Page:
1. @Arvo It is clear by all the comments you have made that you do not want to understand any of the nuances or complexity. I presume you may actually a plant, trying to change an open discussion into “your world” Goodies and baddies. Time to grow up buddy, and learn about the world. There is just so much evidence that you have ignored, to use your narrative of Putin bad. No one is saying Russia can do no wrong, but you are just too simplistic, and clearly have no grasp on what is unfolding. I think you belong more on Washington Post comments page!

      2. avro would be a good replacement for Jen Psaki. Just take the transcript of the daily lies told by the Empire Of Lies, read it as solemn truth and scorn anyone who challenges it, no matter how obviously false it is. I wish I could live in such a simple world, without concern about facts, morals or law, i.e. as a thoughtless shill for the Hegemon. Well, no, come to think of it, I certainly do not want to live that way.

      3. @Jim Thomas
        Yeah, I thought that this guy was CIA until he made a pro-Palestinian, anti-Israel comment. He still might be, maybe doing something like that is one of their new tricks.

  9. Ukraine is a US vassal being used as cannon fodder for the US proxy war against Russia. It is not a question of the US “knocking heads together” in an effort to bring about the end of the war. The US is the de facto Ukrainian government. Zelensky is the US puppet head, now masquerading as the “courageous leader”. The US just approved yet another $40 Billion expenditure for weapons for Ukraine and does in fact plan, as you put it, to fight Russia “to the death of the last Ukrainian”. Anyone who bothers to glance at the history of the US wars of aggression conducted just since 9/11 can readily see that the US is utterly indifferent about the death and destruction caused by them. Entire countries are left in complete ruin, tens of millions of refuges created, by this giant wrecking ball known as US foreign policy. The US does not practice diplomacy. Its entire foreign policy consists of only one “rule”: Follow US Orders Or Be Destroyed. Anyone counting on the US to voluntarily “do the right thing” will be severely disappointed.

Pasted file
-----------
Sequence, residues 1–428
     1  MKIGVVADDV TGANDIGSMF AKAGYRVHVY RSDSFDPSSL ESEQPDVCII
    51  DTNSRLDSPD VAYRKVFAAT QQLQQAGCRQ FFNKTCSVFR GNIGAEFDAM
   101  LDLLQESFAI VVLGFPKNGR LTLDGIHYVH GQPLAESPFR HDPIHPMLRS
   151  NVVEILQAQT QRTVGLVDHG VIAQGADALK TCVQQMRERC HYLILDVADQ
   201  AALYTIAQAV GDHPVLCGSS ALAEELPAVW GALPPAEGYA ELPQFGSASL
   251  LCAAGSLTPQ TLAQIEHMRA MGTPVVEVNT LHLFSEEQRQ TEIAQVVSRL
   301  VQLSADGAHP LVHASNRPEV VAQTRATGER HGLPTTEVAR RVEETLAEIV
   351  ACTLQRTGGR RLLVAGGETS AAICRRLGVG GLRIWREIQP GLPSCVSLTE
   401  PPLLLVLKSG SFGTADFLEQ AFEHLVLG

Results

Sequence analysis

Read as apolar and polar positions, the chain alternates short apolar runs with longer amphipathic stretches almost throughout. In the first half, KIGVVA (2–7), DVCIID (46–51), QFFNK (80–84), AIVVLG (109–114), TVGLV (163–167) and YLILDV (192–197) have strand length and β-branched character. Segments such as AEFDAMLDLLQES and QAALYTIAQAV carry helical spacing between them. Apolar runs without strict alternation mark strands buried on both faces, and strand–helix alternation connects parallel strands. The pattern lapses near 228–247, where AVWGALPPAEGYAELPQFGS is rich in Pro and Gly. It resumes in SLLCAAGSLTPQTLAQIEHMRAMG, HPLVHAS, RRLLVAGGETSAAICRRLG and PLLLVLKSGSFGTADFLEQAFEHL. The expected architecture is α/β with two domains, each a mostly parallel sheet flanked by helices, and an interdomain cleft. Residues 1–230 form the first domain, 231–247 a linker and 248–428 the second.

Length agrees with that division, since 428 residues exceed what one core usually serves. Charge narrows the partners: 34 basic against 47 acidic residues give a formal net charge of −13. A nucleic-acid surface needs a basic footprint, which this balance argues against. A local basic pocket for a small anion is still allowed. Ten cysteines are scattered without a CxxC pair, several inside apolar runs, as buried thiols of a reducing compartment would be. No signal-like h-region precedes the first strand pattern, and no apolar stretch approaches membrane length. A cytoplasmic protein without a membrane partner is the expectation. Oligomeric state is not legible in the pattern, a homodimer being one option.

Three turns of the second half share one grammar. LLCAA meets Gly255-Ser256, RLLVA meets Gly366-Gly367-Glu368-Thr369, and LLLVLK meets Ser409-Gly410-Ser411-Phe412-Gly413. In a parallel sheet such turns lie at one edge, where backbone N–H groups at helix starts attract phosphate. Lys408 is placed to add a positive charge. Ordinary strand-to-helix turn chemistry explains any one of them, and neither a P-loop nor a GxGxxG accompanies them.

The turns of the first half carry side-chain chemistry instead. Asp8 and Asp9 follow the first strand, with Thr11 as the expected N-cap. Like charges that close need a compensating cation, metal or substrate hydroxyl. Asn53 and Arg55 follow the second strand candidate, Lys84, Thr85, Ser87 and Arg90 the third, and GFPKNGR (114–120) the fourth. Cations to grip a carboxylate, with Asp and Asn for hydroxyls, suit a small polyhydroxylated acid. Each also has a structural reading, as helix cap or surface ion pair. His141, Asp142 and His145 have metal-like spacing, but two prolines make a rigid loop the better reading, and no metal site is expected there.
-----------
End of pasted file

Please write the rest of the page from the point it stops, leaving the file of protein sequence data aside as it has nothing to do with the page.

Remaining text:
1. strange orwellian phenomenon here,.. to the Ukrainians this situation actually presents itself as ” Follow RUSSIA’S Orders or be destroyed… to the untrained eye, this destruction seems to have started already… did ye notice? Mariupol ring a bell? Bucha, mebbe?
      and the thought of putin ‘doing the right thing’ seems so remote ye don’t even mention it, simply unfathomable, right?

      1. Are you going to reply to every post with the same tired remarks? Maybe you could at least vary them a little?

        The article above covers most of your replies anyway.

      2. @Bruce_H
        Maybe this “person” is taking their cues from CIA talking points. In that case, all they can do is repeat the same BS.

  10. Mr Quigley,
    Thank you for this article. What you have written is so clear, concise and reasonable it has not a chance in the wind of becoming a very reasonable reality. Sadly this war is a Neo-liberal arms-fest. As with the 17 trillion dollar expansion of NATO there simply too much money to be made demonizing Russia and forcing the Ukrainian people bleed to death for American “aims”. It is heartbreaking to hear the kind of epic nonsense of from Secretary Austin being said out loud but that is the world we now live in. Antonio Gramsci said “I am a pessimist by my reason but an optimist by my will” words I have tried to hold in my heart but it gets harder and harder to do that in these times with our current “leaders”